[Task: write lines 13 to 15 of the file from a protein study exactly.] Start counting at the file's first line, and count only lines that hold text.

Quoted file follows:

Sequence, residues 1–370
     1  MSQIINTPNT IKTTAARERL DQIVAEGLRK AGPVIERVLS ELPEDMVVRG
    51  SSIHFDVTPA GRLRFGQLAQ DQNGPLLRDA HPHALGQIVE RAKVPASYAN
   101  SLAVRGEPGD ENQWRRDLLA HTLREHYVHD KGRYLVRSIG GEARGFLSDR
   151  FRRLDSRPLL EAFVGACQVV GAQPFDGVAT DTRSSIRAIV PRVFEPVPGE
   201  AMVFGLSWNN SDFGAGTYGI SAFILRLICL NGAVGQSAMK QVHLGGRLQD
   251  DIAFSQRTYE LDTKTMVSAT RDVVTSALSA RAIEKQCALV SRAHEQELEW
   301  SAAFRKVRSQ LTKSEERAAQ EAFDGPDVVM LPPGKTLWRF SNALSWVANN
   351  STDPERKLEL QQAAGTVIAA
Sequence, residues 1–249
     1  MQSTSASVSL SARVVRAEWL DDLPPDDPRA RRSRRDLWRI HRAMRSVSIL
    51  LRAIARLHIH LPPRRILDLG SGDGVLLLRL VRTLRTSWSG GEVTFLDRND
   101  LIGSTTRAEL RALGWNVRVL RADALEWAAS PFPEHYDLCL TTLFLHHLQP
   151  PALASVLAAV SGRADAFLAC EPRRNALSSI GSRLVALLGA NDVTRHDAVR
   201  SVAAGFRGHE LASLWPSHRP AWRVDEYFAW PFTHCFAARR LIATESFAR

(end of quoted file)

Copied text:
   101  LIGSTTRAEL RALGWNVRVL RADALEWAAS PFPEHYDLCL TTLFLHHLQP
   151  PALASVLAAV SGRADAFLAC EPRRNALSSI GSRLVALLGA NDVTRHDAVR
   201  SVAAGFRGHE LASLWPSHRP AWRVDEYFAW PFTHCFAARR LIATESFAR